In truth, Mrs. Poulteney has never even seen Ware Commons. Furthermore, she’s an opium addict, though she’s unaware of this. Many Victorian ladies are addicted to laudanum, which doctors prescribe for all kinds of things. Laudanum creates vivid dreams, and Mrs. Poulteney has built up a fantastical picture of Ware Commons as the site of countless sexual abominations. Sarah said that she simply sought solitude since she couldn’t go to the shore anymore, and she denied ever hearing that Ware Commons was an improper place to go. Mrs. Poulteney realized that Sarah hadn’t lived in Lyme very long, and she restrained her anger. She forbade Sarah to go there anymore, and Sarah agreed.
Fowles completely tears down Mrs. Poulteney’s moralizing about Ware Commons. Not only has she based her conceptions of it on hearsay, but she’s also on drugs. Fowles suggests that her narrative about Ware Commons is nothing more than an opium dream, which contributes to the image of Mrs. Poulteney as an awful hypocrite. Moreover, the widespread addiction of Victorian ladies undercuts Victorian moralizing in general, as they’re supposed to be such examples of propriety.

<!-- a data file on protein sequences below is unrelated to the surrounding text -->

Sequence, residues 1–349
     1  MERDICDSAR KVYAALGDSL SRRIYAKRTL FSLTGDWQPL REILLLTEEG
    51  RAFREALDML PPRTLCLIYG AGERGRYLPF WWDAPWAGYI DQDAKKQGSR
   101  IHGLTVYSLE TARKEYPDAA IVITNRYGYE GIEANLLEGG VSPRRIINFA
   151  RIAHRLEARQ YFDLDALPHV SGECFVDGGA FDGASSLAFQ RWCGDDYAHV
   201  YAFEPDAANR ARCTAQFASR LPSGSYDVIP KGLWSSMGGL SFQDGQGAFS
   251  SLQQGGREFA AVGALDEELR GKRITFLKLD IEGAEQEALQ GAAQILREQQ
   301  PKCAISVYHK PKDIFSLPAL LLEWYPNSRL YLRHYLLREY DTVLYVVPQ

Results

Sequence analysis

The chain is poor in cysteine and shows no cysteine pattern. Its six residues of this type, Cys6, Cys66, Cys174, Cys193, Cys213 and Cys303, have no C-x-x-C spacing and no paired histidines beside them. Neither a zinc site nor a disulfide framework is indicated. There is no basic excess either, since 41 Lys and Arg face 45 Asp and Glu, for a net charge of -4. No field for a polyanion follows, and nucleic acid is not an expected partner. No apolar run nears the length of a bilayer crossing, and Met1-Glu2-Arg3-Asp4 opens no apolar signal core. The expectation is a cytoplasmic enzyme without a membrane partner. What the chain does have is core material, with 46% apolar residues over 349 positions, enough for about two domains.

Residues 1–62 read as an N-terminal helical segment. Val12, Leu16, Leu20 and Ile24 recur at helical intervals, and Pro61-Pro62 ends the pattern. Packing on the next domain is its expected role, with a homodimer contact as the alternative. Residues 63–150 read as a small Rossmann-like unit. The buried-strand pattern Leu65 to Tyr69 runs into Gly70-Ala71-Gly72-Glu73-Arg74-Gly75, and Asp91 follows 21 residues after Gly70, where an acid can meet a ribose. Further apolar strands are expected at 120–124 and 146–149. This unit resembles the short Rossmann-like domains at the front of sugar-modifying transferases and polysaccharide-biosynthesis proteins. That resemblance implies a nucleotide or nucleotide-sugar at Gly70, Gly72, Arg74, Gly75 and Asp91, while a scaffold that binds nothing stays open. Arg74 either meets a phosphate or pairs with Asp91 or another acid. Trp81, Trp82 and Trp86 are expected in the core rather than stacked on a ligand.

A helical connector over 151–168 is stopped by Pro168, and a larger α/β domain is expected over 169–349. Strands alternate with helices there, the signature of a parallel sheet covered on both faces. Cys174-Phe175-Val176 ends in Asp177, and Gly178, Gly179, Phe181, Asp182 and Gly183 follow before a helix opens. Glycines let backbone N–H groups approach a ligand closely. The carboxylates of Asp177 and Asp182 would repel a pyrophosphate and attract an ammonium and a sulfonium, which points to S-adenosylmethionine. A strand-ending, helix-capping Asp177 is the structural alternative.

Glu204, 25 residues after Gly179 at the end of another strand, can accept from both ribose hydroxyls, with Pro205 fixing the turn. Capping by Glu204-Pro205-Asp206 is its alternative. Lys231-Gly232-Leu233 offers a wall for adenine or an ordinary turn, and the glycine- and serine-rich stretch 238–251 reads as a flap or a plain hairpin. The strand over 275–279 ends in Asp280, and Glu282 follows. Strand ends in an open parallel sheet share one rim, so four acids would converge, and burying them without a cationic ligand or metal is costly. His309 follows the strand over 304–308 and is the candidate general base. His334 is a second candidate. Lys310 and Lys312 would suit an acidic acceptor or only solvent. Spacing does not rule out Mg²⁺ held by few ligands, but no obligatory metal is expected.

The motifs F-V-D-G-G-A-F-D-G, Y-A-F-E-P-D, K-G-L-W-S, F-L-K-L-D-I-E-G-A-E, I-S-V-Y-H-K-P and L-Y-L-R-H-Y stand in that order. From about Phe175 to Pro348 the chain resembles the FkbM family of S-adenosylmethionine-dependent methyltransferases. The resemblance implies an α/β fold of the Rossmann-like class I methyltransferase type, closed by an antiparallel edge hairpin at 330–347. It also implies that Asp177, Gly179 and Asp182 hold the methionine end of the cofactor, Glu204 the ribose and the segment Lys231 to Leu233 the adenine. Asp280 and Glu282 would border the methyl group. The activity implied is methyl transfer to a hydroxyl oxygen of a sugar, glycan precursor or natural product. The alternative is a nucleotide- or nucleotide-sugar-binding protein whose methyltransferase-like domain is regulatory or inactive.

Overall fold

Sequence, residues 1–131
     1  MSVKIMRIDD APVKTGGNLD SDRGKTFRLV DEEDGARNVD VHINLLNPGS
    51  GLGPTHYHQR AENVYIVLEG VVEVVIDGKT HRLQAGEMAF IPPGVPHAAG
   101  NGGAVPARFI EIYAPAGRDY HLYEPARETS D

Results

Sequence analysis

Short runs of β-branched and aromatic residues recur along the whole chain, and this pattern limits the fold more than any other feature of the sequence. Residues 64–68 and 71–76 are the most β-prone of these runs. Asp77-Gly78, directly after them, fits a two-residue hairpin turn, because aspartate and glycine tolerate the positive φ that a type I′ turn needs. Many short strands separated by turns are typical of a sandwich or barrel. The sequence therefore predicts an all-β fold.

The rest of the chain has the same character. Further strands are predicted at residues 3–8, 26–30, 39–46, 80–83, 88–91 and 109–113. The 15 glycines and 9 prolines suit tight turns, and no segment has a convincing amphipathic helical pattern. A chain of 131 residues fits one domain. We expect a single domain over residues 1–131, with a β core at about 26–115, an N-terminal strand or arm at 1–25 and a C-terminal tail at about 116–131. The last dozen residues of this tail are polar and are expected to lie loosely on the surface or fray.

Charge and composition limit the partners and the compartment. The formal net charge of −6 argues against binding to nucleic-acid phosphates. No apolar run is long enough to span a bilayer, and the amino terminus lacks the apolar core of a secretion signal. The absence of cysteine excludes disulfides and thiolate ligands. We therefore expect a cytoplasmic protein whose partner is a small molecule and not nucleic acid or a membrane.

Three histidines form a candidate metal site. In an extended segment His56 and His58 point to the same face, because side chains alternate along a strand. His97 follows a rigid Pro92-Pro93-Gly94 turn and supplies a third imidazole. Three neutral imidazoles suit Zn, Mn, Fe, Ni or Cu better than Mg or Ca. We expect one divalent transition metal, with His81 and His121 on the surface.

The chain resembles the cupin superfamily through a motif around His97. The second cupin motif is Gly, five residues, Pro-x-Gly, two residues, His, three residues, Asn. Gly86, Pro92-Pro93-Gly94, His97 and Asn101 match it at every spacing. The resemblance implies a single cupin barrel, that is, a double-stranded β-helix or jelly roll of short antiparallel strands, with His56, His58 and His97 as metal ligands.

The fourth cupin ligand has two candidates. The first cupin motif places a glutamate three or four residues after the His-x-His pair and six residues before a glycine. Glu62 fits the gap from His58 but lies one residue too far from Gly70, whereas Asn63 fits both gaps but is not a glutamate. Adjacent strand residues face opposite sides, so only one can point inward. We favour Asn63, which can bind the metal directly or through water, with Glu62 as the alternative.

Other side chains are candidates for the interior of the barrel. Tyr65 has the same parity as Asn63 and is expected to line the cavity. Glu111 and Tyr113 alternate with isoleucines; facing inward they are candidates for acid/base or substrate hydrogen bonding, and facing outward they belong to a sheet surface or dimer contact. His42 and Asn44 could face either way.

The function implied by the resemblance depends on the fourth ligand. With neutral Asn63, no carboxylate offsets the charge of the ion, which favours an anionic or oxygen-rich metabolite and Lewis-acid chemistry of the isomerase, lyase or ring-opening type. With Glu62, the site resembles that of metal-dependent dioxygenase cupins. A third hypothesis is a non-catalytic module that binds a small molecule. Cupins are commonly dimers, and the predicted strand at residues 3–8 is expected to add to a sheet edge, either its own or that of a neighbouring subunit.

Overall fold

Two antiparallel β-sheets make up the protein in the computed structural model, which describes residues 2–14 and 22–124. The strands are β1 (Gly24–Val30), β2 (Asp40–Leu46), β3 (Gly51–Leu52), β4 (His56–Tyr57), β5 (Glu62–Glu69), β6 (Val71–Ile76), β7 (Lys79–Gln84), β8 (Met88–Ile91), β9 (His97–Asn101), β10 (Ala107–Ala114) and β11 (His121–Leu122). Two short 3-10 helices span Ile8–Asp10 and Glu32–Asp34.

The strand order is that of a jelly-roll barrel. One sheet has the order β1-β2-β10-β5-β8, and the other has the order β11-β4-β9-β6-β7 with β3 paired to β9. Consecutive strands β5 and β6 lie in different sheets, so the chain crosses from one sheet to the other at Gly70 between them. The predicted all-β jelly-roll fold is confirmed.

Sarah dispassionately read the Bible passage that Mrs. Poulteney had marked for her, about the undefiled being blessed. Long after everyone was asleep that night, Sarah stood at the window of her room and stared out to sea. She saw a light far away, but gave it no thought. She was crying silently and considering jumping out the window. The narrator won’t make her melodramatically fail to jump, as he’s already shown her alive two weeks later. Her tears come from an uncontrollable misery based on the conditions of her life. Who is Sarah, and where does she come from?
Mrs. Poulteney clearly chooses Bible passages for Sarah to read with the purpose of shaming her into submission. The fact that Sarah doesn’t react to the light at sea suggests that she isn’t actually waiting for the French lieutenant to return. The narrator makes it clear that he’s not impartially reporting some truth of Sarah’s actions; he’s in charge of what she does or doesn’t do in the story. It seems that he’s finally going to let the reader into Sarah’s mind.